English is complicated. I get it. Punctuation fluctuation, present tense vs. present perfect tense, homonyms vs. synonyms, weird spelling…all that confusion is enough to drive even pillars of the community to drink! That’s a good excuse for some of us, but sometimes you want to just poke someone in the snoot when they correct your grammar, which is an awfully good reason to not go around correcting people’s grammar. But, well, sometimes it makes my eyes bleed when I read some of what passes for proper writing out there, and I just can’t help myself.
On the other hand, only the Absolutely Perfect among us don’t have a little grammar bobble from time to time, and, regretfully, I haven’t found myself in that category. So even I, Grammar Psycho that I am, need to brush up on it a bit from time to time. Some need much more, as is obvious from a casual stroll through your Facebook feed.
To the rescue: Writer’s Digest has an article that explains TONS of little grammar tripping hazards. It’s quick and easy, and pretty comprehensive. And each of those little tips has a link to a more thorough explanation of each area if it’s not obvious from a glance what they’re driving at. And some of them made me stop and think. That’s good, at least in this case.
(Feel-Good Bonus: #44 is grammatically incorrect, probably put in there on purpose so we lesser beings can realize that even the experts flub from time to time. Even so, I should win a kewpie doll for finding it. Or should I? Alternate opinions are welcome!)
Good stuff…dig in!
63 Grammar Rules for Writers
Here are 63 grammar rules for writers to assist them with better writing skills. Each rule includes a quick breakdown and links to a post that goes into more detail with examples. This list will be updated with new rules as we add them to the site.
Robert Lee Brewer
Jun 12, 2020
If you’re anything like me, you have a love-hate relationship with grammar. On one hand, grammar rules are necessary for greater understanding and more effective communication. On the other hand, there are just so many rules (and so many exceptions to the rules). It can be overwhelming.
But fear not! We are here to share a plethora of grammar rules for writers that we’ve tackled over the years. If you have a question, we may have the answer. And if we don’t, be sure to share your question in the comments below.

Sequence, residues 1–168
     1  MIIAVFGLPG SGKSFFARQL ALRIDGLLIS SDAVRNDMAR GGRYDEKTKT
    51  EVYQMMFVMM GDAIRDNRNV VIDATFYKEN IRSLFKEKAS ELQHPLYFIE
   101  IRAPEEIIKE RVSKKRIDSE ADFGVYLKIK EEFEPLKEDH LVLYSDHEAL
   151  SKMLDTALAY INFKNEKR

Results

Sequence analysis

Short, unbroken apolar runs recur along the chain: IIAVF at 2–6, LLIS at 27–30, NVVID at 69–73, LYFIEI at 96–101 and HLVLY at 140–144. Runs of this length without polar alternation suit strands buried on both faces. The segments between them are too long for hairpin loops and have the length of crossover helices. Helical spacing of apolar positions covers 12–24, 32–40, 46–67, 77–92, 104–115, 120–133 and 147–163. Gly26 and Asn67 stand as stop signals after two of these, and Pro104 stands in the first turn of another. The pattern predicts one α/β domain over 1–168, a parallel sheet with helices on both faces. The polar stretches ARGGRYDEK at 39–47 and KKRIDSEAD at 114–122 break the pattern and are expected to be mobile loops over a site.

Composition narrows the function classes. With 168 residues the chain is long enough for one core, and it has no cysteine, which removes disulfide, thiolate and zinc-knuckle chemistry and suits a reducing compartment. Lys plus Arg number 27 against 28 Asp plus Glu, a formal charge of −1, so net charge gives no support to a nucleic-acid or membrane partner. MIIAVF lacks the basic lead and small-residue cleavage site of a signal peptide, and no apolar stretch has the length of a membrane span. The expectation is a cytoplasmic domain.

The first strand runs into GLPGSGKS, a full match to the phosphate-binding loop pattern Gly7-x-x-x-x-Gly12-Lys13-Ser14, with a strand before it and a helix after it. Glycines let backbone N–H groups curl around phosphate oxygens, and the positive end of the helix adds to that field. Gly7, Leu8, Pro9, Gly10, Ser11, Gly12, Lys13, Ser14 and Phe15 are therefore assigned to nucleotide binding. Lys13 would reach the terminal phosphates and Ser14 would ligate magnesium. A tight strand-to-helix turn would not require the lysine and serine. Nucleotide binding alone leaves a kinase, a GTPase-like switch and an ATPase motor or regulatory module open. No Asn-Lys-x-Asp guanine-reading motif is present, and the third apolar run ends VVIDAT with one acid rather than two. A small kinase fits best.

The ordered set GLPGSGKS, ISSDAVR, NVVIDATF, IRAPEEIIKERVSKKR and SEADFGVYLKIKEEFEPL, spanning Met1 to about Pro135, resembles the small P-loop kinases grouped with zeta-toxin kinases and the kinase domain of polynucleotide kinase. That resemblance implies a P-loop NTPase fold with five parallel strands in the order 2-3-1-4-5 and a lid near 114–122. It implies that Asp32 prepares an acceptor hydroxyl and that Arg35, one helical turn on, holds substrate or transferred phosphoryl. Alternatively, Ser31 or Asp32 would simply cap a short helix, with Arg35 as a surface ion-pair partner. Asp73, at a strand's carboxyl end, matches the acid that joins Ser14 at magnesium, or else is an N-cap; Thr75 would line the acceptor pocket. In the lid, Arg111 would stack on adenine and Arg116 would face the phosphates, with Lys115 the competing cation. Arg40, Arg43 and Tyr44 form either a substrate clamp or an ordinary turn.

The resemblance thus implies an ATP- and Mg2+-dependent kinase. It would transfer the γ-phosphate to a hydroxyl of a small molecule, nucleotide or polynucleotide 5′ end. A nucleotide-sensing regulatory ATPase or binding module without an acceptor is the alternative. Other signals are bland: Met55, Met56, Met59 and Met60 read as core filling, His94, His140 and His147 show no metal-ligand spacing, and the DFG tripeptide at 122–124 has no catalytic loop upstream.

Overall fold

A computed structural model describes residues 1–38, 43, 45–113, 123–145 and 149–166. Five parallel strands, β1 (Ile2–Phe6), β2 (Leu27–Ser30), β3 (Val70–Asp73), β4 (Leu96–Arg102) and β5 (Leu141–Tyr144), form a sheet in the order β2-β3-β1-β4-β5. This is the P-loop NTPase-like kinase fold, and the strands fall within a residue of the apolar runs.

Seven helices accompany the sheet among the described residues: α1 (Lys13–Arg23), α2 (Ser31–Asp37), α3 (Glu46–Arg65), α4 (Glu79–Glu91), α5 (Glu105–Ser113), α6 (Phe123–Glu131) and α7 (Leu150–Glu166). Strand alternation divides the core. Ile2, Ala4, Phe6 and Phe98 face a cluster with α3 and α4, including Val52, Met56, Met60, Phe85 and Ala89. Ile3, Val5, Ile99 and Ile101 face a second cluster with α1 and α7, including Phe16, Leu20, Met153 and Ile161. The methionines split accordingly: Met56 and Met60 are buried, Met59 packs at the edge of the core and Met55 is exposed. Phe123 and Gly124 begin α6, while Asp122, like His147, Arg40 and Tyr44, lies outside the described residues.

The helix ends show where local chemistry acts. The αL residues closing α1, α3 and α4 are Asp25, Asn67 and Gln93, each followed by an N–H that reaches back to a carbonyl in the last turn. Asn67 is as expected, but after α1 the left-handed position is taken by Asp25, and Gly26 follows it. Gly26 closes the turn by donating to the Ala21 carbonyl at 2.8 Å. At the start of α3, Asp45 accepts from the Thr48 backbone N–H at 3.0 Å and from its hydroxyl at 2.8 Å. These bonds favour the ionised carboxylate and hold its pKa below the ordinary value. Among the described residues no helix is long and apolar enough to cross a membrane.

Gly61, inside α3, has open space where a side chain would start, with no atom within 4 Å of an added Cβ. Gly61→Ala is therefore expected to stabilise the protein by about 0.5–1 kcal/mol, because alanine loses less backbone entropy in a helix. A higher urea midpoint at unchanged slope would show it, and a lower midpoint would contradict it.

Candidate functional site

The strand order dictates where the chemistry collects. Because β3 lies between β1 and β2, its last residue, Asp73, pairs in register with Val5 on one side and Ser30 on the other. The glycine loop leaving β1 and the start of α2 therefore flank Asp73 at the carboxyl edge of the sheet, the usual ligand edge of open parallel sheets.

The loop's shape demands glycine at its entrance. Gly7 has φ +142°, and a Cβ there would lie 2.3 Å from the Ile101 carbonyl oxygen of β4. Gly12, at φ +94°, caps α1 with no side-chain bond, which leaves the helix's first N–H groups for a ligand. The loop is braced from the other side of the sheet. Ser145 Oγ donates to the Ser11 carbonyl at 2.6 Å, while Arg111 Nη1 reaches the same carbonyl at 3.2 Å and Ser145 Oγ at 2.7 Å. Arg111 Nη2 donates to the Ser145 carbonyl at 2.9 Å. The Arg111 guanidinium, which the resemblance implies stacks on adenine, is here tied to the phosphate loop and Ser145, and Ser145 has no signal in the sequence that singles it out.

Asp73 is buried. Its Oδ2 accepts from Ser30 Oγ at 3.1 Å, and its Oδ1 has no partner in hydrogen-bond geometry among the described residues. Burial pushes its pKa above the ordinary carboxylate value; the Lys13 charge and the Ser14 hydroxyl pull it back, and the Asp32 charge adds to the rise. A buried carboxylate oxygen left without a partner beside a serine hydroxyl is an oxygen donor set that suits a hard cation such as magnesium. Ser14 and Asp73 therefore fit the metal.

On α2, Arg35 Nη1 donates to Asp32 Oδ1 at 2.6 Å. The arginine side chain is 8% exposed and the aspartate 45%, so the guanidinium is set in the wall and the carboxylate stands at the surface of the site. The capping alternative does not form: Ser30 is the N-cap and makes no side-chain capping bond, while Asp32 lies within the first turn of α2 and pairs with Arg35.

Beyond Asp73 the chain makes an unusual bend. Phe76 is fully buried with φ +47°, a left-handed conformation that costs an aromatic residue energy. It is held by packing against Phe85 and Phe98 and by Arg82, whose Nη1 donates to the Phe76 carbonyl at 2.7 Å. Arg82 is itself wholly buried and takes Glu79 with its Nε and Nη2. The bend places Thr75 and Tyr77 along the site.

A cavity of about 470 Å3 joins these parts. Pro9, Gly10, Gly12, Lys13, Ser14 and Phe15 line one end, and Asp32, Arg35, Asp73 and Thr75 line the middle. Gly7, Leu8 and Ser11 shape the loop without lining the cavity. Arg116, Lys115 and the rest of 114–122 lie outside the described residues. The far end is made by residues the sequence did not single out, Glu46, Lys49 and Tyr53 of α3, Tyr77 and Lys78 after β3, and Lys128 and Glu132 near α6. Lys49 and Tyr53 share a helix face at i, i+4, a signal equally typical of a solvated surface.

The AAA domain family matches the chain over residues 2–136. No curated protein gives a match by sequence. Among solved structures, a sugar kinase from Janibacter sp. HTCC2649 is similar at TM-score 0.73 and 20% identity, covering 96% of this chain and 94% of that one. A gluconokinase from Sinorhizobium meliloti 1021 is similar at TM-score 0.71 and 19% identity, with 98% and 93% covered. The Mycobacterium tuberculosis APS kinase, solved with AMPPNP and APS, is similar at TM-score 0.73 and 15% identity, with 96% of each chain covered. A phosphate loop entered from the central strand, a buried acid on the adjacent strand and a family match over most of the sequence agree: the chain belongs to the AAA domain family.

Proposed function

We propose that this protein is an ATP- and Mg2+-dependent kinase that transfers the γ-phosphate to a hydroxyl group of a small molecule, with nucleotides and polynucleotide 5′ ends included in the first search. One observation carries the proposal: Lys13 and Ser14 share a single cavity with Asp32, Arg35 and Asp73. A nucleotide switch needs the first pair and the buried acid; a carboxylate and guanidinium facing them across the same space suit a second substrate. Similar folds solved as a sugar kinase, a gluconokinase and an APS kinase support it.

So let’s dig into these grammar rules together.
63 Grammar Rules for Writers
Below is our list of grammar rules for writers. We give a quick explanation after each bullet point. But click on each link for further understanding and examples of correct usage.
- “A” before consonants and “an” before vowels is not the rule. Rather, the rule is that “a” is placed before consonant-sounding words and “an” before vowel-sounding words.
- A lot vs. alot vs. allot. “A lot” is either an adverb or pronoun, “allot” is a verb, and “alot” doesn’t exist.
- Affect vs. effect. “Affect” is usually used as a verb, while “effect” is usually a noun.
- Allude vs. elude. “Allude” means to suggest or hint at something, while “elude” means to evade or escape.
- Alright vs. all right. “All right” is a commonly used phrase for okay, while “alright” doesn’t technically exist.
- Analogy vs. metaphor vs. simile. A “metaphor” is something, a “simile” is like something, and an “analogy” explains how one thing being like another helps explain them both.
- Are subjects joined by “and” singular or plural? It depends on if the subjects are independent of each other.
- Awhile vs. a while. If you can swap out the word “while” with “period of time,” then you’re likely dealing with “a while.” If not, then you’re likely dealing with “awhile.”
- Bi-annual vs. biennial. “Bi-annual” means twice a year; biennial means once every two years.
- Can I use contractions in my writing? While avoiding contractions may be proper, it can also be quite stilted.